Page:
A solar installer in one Southern California city can take a set of plans to the proper authority and get a permit to build within 48 hours, a twelve-year solar industry veteran recently said. But in a virtually indistinguishable city of the same size that is immediately adjacent, Paramount Solar VP Todd Lindstrom said, “If I get it done in under three weeks, it’s a miracle.”
And, Lindstrom added, “I will be subjected to anything from silliness to lack of comprehension. That costs lots of money, to the point where you seriously consider charging extra.”
“Getting a permit is the choke-point in the process,” Clean Power Finance (CPF) CEO Nat Kreamer said, “[and it is] driving solar companies crazy today. It’s time-consuming, it’s costly and it makes for a bad end-consumer experience.”
Consumers want solar to be easy and quick, Kreamer explained. To do that, “we’re going to have to get the permitting barrier broken down. But we’re not going to get municipalities to change the rules. That’s where hope runs into reality.” The solution, he said, “is software.”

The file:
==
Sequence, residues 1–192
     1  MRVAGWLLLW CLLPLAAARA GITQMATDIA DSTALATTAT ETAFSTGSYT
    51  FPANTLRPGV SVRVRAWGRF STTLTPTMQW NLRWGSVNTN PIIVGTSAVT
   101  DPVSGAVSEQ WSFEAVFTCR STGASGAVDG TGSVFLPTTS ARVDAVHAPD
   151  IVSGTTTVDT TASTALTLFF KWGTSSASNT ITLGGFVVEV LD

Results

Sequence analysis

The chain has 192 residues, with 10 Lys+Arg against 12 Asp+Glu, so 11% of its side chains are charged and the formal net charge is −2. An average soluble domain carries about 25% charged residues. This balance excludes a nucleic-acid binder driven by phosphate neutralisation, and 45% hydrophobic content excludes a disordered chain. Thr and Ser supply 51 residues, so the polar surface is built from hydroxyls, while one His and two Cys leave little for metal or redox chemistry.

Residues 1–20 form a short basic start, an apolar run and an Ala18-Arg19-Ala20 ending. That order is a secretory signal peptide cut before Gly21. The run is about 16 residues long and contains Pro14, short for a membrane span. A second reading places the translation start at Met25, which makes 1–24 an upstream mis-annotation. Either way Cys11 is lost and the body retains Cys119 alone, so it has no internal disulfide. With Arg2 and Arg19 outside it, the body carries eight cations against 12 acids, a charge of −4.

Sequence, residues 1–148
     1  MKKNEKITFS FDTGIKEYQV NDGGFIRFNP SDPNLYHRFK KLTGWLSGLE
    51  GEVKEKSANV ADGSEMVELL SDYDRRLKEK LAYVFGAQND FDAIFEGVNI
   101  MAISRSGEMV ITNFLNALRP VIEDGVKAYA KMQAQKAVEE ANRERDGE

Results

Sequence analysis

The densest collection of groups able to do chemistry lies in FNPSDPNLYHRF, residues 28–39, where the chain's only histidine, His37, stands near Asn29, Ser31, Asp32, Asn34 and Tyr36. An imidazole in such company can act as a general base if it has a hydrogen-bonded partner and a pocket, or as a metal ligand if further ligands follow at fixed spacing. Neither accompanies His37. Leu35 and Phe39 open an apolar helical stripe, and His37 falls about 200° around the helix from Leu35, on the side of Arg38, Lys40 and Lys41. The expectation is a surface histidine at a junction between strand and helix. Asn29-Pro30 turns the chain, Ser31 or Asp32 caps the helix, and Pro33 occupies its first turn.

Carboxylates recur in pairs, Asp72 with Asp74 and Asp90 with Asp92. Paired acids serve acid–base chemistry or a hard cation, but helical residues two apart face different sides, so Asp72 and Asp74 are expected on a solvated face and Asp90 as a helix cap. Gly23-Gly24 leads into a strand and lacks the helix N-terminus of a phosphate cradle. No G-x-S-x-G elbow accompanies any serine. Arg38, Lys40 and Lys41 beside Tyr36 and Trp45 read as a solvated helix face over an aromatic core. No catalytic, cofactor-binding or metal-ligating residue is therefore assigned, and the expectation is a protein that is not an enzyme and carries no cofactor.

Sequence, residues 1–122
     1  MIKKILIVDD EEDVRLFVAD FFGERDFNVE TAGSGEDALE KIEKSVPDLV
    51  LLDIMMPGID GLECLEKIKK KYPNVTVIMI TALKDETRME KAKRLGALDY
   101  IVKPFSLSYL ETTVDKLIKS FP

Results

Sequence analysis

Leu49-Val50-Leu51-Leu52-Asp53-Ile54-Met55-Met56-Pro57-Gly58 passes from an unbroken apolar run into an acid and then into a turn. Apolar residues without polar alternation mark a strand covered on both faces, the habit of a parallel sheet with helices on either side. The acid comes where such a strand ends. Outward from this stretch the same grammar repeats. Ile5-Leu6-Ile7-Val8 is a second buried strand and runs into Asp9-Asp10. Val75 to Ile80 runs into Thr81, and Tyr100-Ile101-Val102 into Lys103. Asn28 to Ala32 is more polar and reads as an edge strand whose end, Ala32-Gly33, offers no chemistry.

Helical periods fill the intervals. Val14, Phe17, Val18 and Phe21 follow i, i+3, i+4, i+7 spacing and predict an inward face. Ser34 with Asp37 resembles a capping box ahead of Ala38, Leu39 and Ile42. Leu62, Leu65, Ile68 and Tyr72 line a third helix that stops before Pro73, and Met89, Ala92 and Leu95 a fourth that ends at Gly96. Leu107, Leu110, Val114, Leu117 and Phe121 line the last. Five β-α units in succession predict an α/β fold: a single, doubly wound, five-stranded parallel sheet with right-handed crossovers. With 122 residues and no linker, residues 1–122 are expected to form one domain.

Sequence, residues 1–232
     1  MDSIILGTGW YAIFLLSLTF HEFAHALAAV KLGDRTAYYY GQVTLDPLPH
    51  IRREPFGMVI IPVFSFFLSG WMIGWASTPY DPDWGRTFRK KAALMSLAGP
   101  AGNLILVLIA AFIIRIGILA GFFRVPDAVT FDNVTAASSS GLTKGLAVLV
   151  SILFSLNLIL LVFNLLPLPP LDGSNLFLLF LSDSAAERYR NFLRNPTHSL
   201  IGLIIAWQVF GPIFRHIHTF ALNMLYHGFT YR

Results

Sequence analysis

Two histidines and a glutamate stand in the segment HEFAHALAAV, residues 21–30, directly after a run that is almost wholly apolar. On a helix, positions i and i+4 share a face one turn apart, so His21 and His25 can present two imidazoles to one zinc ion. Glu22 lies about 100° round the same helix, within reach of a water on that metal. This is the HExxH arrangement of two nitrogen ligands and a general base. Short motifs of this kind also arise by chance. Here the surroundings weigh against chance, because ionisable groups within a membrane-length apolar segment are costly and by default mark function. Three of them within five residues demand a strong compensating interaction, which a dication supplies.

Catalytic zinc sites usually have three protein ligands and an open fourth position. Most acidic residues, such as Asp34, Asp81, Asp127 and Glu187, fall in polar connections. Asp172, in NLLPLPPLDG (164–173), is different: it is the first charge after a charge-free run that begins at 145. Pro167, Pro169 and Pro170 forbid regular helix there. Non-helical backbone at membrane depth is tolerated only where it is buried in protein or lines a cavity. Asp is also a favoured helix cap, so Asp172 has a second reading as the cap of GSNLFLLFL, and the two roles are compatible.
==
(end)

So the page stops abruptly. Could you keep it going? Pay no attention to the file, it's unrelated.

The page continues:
In its winning bid for a $3 million U.S. DOE grant to create an online database of local permitting standards, CPF estimated it could cut the balance-of-system (BOS) non-hardware (i.e., “soft”) costs of installing a five-kilowatt (DC) residential rooftop solar system by more than $0.22 per watt. And there would also be other, less quantifiable, impacts, Kreamer said.
The U.S. Department of Energy’s SunShot program opened a new $10 million competition last month in search of “innovative, sustainable, and verifiable business practices that reduce these soft costs to $1 per watt.”
“We have to solve this problem,” said Solar Freedom Now (SFN) Co-Founder Barry Cinnamon, a 30-plus-year solar veteran who has done everything from rooftop installs to running Westinghouse Solar (PINK: WEST). “The way we are going to solve it is on the national level because 18,000 cities, 3,000 utilities, 50 states, you’re never going to fix it everywhere.”
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